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There (Preparatory/introductory subject/dummy subject) Options
A cooperator
Posted: Friday, December 01, 2017 6:50:33 PM

Rank: Advanced Member

Joined: 10/27/2011
Posts: 2,405
Neurons: 8,765
Location: Ḩāḑírah, Hadramawt, Yemen
Hi Everyone!


As far as I know 'there' and 'it' can be called dumb subjects.
However, I read "There" is quite often used as a preparatory subject with modal verbs, especially when these are followed by "be".
But, I don't know if 'there' or 'it' can be used with singular or plural ordinary auxiliary or main verb.

There may be rain later today.


Whoever doesn't own what he promises to those who do not deserve must not promise it.
NKM
Posted: Friday, December 01, 2017 11:33:09 PM

Rank: Advanced Member

Joined: 2/14/2015
Posts: 4,186
Neurons: 192,114
Location: Corinth, New York, United States
"There" and "it" are two very different idiomatic ways to start a clause.

"It " is a true dummy subject when used to start a clause about weather or environmental conditions. As such, it is a singular pronoun, and thus calls for a singular verb form.
- It rained last night.
- It stopped snowing almost as soon as it had started.
- It gets dark early during the winter.


"There" is a dummy adverb, not a noun or pronoun, so it is not really a "subject" at all. It cannot be either singular or plural; the verb will be singular or plural according to the real subject of the clause that follows it.
- There was an accident on the highway.
- There are several ways to get the job done.
- There came a time when we had to decide what to do.


A cooperator
Posted: Tuesday, December 05, 2017 8:03:47 PM

Rank: Advanced Member

Joined: 10/27/2011
Posts: 2,405
Neurons: 8,765
Location: Ḩāḑírah, Hadramawt, Yemen
NKM wrote:
"There" and "it" are two very different idiomatic ways to start a clause.

"It " is a true dummy subject when used to start a clause about weather or environmental conditions. As such, it is a singular pronoun, and thus calls for a singular verb form.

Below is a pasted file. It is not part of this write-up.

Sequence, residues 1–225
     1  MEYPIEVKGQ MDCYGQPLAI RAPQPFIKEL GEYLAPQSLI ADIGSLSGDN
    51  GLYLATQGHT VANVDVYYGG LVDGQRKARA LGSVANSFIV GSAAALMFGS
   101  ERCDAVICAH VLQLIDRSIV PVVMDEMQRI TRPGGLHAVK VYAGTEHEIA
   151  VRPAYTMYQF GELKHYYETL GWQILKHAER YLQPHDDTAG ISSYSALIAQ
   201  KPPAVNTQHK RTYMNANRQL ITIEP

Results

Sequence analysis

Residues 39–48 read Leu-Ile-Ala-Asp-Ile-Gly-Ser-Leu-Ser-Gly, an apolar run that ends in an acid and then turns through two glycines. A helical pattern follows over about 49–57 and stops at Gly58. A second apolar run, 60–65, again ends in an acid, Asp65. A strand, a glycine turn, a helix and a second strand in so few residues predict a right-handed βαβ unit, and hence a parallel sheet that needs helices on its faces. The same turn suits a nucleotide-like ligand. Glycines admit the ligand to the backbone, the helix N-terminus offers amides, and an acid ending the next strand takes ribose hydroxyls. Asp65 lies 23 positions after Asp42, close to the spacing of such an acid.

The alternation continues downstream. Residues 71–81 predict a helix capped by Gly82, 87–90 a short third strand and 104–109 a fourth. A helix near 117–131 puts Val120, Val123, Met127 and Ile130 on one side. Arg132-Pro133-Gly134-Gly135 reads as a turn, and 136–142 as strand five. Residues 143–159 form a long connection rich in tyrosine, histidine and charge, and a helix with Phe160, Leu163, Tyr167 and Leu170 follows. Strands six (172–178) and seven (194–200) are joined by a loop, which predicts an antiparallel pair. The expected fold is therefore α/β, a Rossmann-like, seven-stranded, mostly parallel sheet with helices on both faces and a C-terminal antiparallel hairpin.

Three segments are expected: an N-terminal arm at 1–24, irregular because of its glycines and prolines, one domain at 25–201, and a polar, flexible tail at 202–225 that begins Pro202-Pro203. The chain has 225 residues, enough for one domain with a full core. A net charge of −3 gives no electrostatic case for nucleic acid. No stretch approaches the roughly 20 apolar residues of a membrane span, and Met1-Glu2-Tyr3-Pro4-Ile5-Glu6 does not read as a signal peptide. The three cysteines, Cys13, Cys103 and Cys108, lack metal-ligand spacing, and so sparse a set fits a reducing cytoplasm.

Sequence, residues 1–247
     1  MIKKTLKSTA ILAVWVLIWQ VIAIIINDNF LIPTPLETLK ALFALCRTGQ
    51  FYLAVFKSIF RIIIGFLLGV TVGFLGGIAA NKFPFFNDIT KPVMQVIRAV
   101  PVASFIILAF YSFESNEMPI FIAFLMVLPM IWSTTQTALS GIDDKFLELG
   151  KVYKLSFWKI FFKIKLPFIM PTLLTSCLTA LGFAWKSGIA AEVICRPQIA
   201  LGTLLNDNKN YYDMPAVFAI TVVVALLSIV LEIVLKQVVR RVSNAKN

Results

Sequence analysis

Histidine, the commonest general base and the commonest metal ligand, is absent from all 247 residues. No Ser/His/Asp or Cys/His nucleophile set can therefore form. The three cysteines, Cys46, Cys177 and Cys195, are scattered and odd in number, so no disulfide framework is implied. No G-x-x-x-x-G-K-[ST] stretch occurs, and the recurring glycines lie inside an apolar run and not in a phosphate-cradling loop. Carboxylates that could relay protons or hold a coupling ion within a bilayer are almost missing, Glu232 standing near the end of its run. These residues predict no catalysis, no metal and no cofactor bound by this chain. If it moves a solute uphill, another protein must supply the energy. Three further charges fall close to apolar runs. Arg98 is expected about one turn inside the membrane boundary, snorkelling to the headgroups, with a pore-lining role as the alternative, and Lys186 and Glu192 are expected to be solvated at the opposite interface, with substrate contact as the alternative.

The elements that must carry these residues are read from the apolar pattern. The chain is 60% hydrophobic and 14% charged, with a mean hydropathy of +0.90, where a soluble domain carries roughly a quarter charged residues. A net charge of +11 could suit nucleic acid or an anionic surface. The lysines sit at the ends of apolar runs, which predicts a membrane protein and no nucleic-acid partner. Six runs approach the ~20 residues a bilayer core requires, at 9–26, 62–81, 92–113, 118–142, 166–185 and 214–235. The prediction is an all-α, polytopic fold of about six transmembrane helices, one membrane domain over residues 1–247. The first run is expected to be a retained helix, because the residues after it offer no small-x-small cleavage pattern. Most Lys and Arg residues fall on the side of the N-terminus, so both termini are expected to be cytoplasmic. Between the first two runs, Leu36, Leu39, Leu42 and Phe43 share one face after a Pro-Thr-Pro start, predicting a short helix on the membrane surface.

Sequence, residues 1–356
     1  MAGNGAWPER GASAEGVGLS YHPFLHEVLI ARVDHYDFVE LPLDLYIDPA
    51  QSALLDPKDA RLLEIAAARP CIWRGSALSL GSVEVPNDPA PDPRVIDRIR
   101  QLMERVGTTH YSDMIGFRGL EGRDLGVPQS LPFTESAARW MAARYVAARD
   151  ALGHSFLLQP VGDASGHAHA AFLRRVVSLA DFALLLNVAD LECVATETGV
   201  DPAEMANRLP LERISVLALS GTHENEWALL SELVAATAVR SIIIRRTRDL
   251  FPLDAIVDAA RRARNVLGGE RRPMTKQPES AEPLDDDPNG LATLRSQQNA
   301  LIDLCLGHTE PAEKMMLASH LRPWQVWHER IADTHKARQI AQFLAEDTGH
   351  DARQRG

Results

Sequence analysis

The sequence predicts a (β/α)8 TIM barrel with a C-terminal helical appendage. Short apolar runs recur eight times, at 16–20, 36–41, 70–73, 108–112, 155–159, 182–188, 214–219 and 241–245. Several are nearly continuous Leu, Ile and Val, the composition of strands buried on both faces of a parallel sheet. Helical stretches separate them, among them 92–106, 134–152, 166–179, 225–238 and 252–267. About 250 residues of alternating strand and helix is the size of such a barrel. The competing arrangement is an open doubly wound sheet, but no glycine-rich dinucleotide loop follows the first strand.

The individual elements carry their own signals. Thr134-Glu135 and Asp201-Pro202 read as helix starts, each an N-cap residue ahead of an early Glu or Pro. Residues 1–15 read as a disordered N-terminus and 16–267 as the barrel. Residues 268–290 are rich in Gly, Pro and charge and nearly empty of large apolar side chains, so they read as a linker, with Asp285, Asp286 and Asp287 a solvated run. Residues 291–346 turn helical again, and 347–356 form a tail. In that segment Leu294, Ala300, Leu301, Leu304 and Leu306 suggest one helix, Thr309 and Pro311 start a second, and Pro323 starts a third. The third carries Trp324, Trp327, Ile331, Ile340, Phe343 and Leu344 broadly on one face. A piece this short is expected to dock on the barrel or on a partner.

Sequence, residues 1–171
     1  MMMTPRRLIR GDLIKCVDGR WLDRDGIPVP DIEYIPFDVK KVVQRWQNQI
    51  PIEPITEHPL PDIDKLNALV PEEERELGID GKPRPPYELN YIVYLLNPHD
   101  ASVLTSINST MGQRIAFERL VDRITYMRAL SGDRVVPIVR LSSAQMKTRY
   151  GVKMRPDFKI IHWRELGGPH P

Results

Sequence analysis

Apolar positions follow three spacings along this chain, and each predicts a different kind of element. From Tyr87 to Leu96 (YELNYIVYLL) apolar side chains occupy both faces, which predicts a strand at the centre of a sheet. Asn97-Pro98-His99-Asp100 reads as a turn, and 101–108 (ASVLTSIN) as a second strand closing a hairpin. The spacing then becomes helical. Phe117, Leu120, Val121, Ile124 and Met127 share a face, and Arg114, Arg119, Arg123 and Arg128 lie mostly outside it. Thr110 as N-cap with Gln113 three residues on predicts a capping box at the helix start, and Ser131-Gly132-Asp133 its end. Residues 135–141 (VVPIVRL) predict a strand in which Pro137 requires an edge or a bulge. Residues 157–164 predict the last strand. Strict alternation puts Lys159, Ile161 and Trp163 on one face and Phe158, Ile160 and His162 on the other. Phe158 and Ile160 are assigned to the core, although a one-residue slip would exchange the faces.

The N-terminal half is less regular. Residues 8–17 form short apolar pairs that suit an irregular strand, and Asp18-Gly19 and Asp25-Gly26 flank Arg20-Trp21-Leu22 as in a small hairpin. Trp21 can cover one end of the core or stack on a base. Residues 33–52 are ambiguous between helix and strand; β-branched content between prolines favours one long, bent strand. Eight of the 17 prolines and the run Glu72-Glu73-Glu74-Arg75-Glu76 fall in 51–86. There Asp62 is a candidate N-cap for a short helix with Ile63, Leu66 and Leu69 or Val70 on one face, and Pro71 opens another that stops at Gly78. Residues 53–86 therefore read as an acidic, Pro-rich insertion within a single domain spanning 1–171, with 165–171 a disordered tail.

- It rained last night.
- It stopped snowing almost as soon as it had started.
- It gets dark early during the winter.


"There" is a dummy adverb, not a noun or pronoun, so it is not really a "subject" at all. It cannot be either singular or plural; the verb will be singular or plural according to the real subject of the clause that follows it.
- There was an accident on the highway.
- There are several ways to get the job done.
- There came a time when we had to decide what to do.



Thanks a lot, NKM
But, neither do I think that "several ways" is a subject, nor do I think that "an accident" is a subject. I think they are both identifiers since "to be" doesn't have an object. So, the verb agrees with the identifiers, and not with dummy subject "there".
I never ever heard that a verb agrees with what comes after it. On the contrary, a verb always agrees with the subject.

Whoever doesn't own what he promises to those who do not deserve must not promise it.
A cooperator
Posted: Thursday, December 07, 2017 6:15:53 AM

Rank: Advanced Member

Joined: 10/27/2011
Posts: 2,405
Neurons: 8,765
Location: Ḩāḑírah, Hadramawt, Yemen
Could anyone please reply to me?
But, neither do I think that "several ways" is a subject, nor do I think that "an accident" is a subject. I think they are both identifiers since "to be" doesn't have an object. So, the verb agrees with the identifiers, and not with dummy subject "there".
I never ever heard that a verb agrees with what comes after it. On the contrary, a verb always agrees with the subject.

Also, why is the verb here in the statement below a singular although "a lot" following verb.
There’s a lot to consider when designing an online ad, such as the target audience, marketing objectives and brand experience. Create ads that address all these factors and stand out from the online noise.


Whoever doesn't own what he promises to those who do not deserve must not promise it.
NKM
Posted: Friday, December 08, 2017 5:52:29 PM

Rank: Advanced Member

Joined: 2/14/2015
Posts: 4,186
Neurons: 192,114
Location: Corinth, New York, United States
A cooperator wrote:
Could anyone please reply to me?
But, neither do I think that "several ways" is a subject, nor do I think that "an accident" is a subject. I think they are both identifiers since "to be" doesn't have an object. So, the verb agrees with the identifiers, and not with dummy subject "there".
I never ever heard that a verb agrees with what comes after it. On the contrary, a verb always agrees with the subject.

Also, why is the verb here in the statement below a singular although "a lot" following verb.
There’s a lot to consider when designing an online ad, such as the target audience, marketing objectives and brand experience. Create ads that address all these factors and stand out from the online noise.

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You may call them "identifiers", but they are indeed the subjects of their respective clauses. Whatever you call them, you're right that they do govern whether the associated verb needs to be singular or plural.

A verb does indeed agree with its subject, even when the subject comes after the verb. 
- "After the rain comes a rainbow; after the autumn come the storms of winter."



"A lot  ", by itself, is usually singular, as in "There's a lot to consider." But "a lot of  " can be either singular or plural, according to what follows it.
- "A lot of food goes to waste, even while a lot of people go hungry."

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